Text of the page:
Punk Master of the Absurd Winston Smith Shows His Art
by James Sullivan
Making posters for San Francisco’s punk scene of the late 1970s, Winston Smith was drawn to the movement’s anti-hippie grotesquery.
“Flower power was so pretty it was co-opted by Kleenex,” Smith says. “The punk scene was so ugly, so off-putting, that we thought nobody would want to touch it.”
Best known as the collage artist behind many Dead Kennedys images, Smith has done dozens of album covers (including Green Day’s “Insomniac”) and Fillmore posters (Soul Coughing, Porno for Pyros) during the past 20 years. His work has appeared in magazines such as Spin and Architectural Digest, and in January a Smith montage will accompany a Kurt Vonnegut story in Playboy.
Having long maintained that his art is actually the prints he makes from the original cutouts, Smith is showing the originals for the first time at two San Francisco exhibits: “Rock Artcrime: From Dead Kennedys to Green Day” at 111 Minna Street Gallery (through next Sunday) and “Apocalypse Wow!: Handcarved Anarchy in Print” at Lawrence Hultberg Fine Art (through December 27).
As a teenager, Smith left his native Oklahoma for Florence, Italy, where he studied painting at the Academy of Art. “Looks good on a resume,” he says with a laugh. “I was never a good student.”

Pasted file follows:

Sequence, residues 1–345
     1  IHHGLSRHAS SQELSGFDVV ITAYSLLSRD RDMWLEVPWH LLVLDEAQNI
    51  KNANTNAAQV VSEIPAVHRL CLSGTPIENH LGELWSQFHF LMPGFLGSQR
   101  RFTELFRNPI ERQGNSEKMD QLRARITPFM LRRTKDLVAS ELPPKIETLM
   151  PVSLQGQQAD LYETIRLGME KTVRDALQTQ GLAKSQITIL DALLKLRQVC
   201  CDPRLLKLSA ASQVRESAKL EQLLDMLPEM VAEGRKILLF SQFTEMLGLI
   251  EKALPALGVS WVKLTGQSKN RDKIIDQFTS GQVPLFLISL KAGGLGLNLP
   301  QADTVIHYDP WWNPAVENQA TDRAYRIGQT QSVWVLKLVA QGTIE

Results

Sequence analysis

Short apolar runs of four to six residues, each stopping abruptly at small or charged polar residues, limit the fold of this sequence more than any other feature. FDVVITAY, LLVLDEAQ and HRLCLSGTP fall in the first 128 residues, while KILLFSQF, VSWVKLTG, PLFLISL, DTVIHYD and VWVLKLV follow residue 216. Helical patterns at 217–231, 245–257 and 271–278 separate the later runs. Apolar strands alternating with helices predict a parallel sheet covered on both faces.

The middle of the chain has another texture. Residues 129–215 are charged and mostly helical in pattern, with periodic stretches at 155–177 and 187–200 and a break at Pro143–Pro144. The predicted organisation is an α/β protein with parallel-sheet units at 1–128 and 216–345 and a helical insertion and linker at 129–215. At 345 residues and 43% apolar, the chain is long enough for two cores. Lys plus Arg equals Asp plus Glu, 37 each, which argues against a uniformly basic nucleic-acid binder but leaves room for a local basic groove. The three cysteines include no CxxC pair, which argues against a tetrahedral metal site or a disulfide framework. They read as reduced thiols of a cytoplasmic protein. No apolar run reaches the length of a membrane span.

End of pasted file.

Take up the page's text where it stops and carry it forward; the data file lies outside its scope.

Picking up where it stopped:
His return to America in 1976, he says, “was a bit like Rip Van Winkle. The whole culture had gone through the wringer.”
After working for a few years as a “rent-a-roadie” with bands including Santana, Journey, and Crosby Stills and Nash, Smith began making posters. Flipping through old magazines, he satirized American consumer culture by creating absurd tableaux from advertising images.
“I’ll go through thousands of sheets of paper to find a chain saw to put in an ape’s hands,” he says. “I’ll make a Mona Lisa hold a live wolverine.”
Such juxtapositions keep Smith giggling to himself as he works. “My friends probably think I’m half nuts,” he says. When people tell him his work looks as if he “didn’t do anything” because “that stuff’s already there,” Smith feels vindicated: “That’s exactly my point.”
“You don’t have to do much to this stuff, it’s so absurd. And you realize these (images) weren’t even done by people messed up on hard drugs. They were advertising executives on Madison Avenue.”
After years toiling in the underground (almost literally — the North Beach resident still keeps a primitive ranch, without electricity or running water, near Mendocino), Smith is amused to see his brand of dadaist nonsense cropping up in contemporary advertising.
“What used to be my little ironic joke is now the mainstream,” he says. “Shows how low the mainstream has sunk.”